I find recreating real-world designs or liveries from other racing games to be a relaxing creative outlet with practical ingame application; in order to share a design you have to have used your own layer groups and designs. If you download someone else’s sponsor logos or art to make it you can’t share anything you make with the wider community. Every time someone downloads, uses or likes your designs you get a small amount of in-game money as a reward and an incentive to produce better designs in the future.
I’ll discuss the game more in the future, but the PC version of Star Trek Online has a powerful set of tools which enables players to create and write their own story missions which others can play through. You choose the start locations, environments, encounters and write the dialogue for every interaction therein. This system is almost as feature-rich as the tools used by the developers and is an extensive avenue for the creatively-minded to get significantly more life out of an already large game:
The PC version of Neverwinter (also made by Cryptic, the developers of the UGC-heavy and unfortunately deceased City of Heroes) also features a similar system which plays to the storytelling/roleplaying nature of the Dungeons and Dragons IP.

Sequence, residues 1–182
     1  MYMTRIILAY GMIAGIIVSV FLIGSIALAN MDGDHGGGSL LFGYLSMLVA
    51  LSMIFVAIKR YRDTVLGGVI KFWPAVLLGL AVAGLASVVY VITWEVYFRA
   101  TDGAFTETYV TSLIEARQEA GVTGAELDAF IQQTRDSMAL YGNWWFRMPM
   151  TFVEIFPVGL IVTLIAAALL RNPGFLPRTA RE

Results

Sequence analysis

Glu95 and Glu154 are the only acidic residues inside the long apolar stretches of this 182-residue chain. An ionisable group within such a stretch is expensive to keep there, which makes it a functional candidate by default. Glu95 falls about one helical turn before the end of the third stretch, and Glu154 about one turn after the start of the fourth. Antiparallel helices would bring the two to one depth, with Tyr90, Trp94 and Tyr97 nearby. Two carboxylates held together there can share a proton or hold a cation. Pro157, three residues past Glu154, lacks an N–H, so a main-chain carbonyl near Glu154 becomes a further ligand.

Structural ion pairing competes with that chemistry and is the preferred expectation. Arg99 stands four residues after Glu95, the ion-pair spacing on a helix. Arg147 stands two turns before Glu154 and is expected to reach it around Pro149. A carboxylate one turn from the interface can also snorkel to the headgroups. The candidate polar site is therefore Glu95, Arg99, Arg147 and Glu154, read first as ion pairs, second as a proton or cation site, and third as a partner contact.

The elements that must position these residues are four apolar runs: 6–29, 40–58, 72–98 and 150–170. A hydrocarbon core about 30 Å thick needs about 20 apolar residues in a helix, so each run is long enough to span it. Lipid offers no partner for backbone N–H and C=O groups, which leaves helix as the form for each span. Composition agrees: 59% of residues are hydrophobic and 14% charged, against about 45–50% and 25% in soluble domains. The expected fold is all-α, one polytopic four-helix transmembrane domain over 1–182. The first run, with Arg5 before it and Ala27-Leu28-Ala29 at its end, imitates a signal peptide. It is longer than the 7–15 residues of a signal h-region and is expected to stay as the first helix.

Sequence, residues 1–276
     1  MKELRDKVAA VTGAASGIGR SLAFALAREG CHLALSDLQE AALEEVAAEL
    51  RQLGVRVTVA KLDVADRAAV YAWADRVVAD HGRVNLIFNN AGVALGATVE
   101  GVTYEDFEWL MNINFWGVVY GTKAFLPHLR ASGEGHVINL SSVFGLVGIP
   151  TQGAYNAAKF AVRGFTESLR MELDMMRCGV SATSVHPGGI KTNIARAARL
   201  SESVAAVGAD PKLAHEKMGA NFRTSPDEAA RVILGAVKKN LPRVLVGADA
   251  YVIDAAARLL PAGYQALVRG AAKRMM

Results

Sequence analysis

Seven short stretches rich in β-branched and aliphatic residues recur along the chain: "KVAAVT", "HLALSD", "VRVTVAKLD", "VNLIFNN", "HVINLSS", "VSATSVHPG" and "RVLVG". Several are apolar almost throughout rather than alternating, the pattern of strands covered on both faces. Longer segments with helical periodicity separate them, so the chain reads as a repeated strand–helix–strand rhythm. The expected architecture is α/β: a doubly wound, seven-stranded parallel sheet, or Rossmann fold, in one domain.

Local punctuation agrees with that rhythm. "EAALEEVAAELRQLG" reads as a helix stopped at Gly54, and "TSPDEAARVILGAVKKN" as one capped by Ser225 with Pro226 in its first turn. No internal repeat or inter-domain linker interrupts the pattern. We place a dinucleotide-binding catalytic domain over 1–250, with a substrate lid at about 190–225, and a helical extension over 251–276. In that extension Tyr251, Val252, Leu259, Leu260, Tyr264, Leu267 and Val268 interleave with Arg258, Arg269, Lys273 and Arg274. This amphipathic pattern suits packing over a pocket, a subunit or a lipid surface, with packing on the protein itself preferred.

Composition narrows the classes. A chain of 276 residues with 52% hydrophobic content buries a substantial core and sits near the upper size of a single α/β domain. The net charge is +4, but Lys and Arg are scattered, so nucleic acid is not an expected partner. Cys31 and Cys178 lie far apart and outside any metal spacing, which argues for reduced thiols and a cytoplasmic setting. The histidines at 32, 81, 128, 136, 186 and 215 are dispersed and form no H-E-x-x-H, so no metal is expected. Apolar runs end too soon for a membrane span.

The problem with these systems is that they require an audience to get the most out of them. Far Cry 3 included team multiplayer with a map editor however the population dropped off relatively quickly, so what would be the point of spending time making a map for it? I had some plans for a few Far Cry 3 maps including the ruins of a coastal town which a plane crashed through the middle of as well as a precarious cliff-side temple but then I saw that there was nobody playing the multiplayer so nobody would ever play them. Other games like Trackmania present track creation in an accessible drag-and-drop package so there is a low barrier to entry but like Far Cry 3 its popularity has markedly declined in recent years.
These systems let players channel their creativity and potentially extending the lifespan of a game and its community indefinitely, however the reality of a game’s community can be at odds with the intentions behind the creation of such systems. There are of course other games I’ve missed here; Arma 3 has a deep level editor which underpins its community, Mario Maker and Minecraft are entirely built on user-generated content and have both been incredibly successful. The WWE wrestling games continue to expand on their creative suites letting users create individual wrestlers, shows, arenas, belts and entire story-lines to play and share. There are a surprising number of smaller indie games whose bite-sized structure mean that level editors and infrastructure like the Steam Workshop can be combined to build a community, offer more to prospective buyers and maintain collective interest in games which are often much cheaper than larger but more restrictive AAA/mainstream counterparts.